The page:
Hiding In Plain Sight

One of my favorite things to do when I’m at a Disney park is to play the wireless nerd’s version of Hidden Mickeys: Trying to spot the myriad creative ways in which Disney’s Imagineers have blended their excellent wireless network into the carefully contrived scenery. It truly is magical how they can make wireless everywhere while keeping it nearly invisible.

So naturally, when I’m wearing the wireless engineer hat and have a challenge where I get to flex some of that creativity, I’m all over it.

A few years back, I helped a church in Wichita overhaul their aging and underpowered WiFi by designing and installing a new Ruckus system. Last year, they embarked on a new project to add a chapel to their campus. Naturally they wanted to extend the wireless LAN to this new building.

But… It’s a chapel aimed at doing weddings and other sorts of events, so it was paramount that the wireless equipment not be visible, to maintain clean architectural lines with a minimum amount of obvious tech equipment. Some concessions had to be made for audiovisual, but visible access points were a (network) bridge too far.

After pondering the problem as well as observing drawings and renderings, I happened upon the architectural lighting elements in the plan that were mounted on each of the columns. I dug into the design of these and discovered that they were a pair of LED fixtures concealed inside some finish carpentry with a textured plastic surface. And most importantly, there was an empty space in the middle between the two light fixtures that measured about 20cm square by 40cm high, and centered approximately 8 feet off the floor. Not only was that low enough to keep the APs close to the clients, there was plenty of room to put in one of the Ruckus H510 Wall APs designed for the hospitality market (which I also currently have in my house running Unleashed, although they will soon make way for some of the Aruba AP303H units or their new Instant On AP11D counterpart). I’m a big fan of these in-wall units for many reasons.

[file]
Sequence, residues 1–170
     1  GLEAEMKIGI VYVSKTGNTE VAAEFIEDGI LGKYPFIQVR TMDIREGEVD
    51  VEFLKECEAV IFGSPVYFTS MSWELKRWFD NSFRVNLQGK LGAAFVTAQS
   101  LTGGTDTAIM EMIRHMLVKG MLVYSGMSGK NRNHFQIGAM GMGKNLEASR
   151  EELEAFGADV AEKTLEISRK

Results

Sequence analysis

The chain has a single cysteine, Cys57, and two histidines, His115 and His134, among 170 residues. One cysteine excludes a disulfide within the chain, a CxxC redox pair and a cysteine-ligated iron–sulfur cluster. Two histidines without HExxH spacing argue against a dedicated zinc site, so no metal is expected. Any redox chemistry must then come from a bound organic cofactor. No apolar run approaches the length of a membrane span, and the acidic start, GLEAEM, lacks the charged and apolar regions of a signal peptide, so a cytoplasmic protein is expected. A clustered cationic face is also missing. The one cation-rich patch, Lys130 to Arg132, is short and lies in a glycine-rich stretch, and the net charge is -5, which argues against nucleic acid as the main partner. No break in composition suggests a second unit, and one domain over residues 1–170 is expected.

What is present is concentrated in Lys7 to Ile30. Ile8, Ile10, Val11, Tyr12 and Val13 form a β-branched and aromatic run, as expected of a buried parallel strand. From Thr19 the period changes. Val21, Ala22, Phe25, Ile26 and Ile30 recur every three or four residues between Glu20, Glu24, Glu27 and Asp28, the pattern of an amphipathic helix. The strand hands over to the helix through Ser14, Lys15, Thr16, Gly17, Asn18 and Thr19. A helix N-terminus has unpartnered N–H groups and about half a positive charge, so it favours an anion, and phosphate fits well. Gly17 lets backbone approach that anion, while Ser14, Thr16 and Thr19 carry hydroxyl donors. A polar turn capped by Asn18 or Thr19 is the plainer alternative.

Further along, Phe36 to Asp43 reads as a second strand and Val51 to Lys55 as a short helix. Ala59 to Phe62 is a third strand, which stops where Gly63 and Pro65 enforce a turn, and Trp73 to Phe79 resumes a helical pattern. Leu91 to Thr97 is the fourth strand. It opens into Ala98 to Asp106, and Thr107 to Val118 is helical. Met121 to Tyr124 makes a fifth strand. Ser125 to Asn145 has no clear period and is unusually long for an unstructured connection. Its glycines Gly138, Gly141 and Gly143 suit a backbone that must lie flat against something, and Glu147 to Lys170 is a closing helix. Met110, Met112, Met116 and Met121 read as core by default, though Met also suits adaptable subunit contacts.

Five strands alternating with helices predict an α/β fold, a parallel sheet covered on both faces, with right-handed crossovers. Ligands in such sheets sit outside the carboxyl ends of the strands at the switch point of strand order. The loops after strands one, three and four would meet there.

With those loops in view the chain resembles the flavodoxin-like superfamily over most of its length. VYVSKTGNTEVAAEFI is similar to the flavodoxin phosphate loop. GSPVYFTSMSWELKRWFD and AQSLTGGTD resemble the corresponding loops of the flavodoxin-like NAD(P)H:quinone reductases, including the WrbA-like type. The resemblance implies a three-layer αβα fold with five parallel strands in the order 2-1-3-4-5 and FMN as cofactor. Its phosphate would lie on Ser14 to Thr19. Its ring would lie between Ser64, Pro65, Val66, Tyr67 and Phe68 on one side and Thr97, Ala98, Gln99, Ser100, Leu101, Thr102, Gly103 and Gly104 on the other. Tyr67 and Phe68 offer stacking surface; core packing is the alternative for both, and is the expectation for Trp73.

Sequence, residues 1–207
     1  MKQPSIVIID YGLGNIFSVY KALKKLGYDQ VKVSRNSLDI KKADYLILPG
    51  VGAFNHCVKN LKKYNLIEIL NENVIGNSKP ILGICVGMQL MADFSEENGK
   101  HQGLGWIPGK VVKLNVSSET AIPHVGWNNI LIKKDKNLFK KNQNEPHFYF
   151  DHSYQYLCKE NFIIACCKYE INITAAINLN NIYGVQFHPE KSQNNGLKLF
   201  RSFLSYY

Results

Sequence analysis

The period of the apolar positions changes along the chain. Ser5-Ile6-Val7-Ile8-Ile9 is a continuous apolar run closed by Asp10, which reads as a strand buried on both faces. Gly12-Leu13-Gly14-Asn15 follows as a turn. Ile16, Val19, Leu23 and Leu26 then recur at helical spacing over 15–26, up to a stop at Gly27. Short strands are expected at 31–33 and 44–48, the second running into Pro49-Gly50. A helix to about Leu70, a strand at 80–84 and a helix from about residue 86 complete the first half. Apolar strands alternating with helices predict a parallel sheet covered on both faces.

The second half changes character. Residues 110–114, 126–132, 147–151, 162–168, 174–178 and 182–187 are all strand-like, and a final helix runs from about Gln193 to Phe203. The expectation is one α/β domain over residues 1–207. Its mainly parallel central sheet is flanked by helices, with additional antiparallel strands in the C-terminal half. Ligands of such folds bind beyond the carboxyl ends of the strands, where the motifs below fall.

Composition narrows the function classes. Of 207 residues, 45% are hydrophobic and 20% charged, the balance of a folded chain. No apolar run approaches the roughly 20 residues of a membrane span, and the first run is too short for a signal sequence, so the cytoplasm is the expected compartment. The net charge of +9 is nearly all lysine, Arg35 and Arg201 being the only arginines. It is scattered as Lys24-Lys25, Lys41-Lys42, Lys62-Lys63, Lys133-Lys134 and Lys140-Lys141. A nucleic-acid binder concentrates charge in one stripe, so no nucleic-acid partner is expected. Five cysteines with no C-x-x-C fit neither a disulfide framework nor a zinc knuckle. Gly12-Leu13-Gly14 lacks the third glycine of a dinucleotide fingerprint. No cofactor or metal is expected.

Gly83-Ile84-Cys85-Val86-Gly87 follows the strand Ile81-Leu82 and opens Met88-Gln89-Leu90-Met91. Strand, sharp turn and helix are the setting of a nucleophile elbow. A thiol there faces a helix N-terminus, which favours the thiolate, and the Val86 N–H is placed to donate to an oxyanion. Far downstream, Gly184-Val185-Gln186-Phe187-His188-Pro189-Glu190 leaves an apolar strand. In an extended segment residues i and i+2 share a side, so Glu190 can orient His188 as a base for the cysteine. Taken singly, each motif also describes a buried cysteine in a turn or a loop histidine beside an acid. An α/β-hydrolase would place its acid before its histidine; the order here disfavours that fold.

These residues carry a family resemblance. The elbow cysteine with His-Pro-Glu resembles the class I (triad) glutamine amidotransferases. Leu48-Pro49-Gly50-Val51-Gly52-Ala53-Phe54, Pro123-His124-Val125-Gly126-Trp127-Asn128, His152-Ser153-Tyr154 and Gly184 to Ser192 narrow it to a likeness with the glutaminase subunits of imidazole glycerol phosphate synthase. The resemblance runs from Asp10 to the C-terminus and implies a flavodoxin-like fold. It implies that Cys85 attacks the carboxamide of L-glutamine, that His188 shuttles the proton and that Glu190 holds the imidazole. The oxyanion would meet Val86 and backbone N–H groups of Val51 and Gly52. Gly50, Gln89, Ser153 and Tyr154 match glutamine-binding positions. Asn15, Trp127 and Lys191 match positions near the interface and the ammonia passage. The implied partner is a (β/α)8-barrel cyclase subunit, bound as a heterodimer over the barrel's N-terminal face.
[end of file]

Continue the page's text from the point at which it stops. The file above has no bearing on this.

I asked the electricians to give me a box and conduit to four of these columns, as well as a pair of data cables. I only planned to use two access points initially, but since running cable would be prohibitively difficult after the buildout, I wanted to keep my options open should capacity needs increase in the future.

After many months of construction (Summer of 2019 was an utterly awful weather summer if you were in the construction business), I finally got the green light to install these. I took a bit of personal time on my way down to another job in Oklahoma for my employer, and executed the plan. I’m pretty happy with the results.

The lighting fixture: two pieces of dark wood on either side floating 1″ off the wall with a textured face and tunable color temp LED fixtures facing up and down
The lighting fixture with the plastic face slid up (there’s a stop at the bottom). An electrical box was placed behind it and a 2″ hole drilled for cable access. The overall construction of this fixture is beautifully simple: a few pieces of solid oak and some stain. The overall look in this space is one of stone, wood, and glass, with 90° and 45° angles being dominant.
The Ruckus H510 bracket screwed directly to the finish carpentry. The mount could also have screwed to the electrical box but that was an unnecessary level of effort.
The Ruckus H510 access point mounted on the bracket.
The fixture with the AP mounted inside. The wood and textured face provide minimal attenuation, and in this environment, I’m using the attenuation constructively. The recess in white is where a large TV (in lieu of projection) will be mounted on a swing arm and can fold into the wall when not in use.
Side view – the gap was just enough to get a screwdriver in to secure the AP to the bracket using the provided T10 screws. I was concerned that this wouldn’t be possible.
Lighting fixture side view. Is this with or without the AP installed? If you can’t tell, that means I was successful.
The AP was mounted on the second column from the back of the room, near the sound booth. The corresponding column on the other side is wired for an AP if capacity requires one.
The AP was mounted on the third column from the front of the room, near the front of the stage. The corresponding column on the other side is also wired for an AP if additional client capacity requirements dictate it.

One Comment On “Hiding In Plain Sight”

  1. Pingback: Hiding in Plain Sight - Gestalt IT

Leave a Reply

Your email address will not be published. Required fields are marked *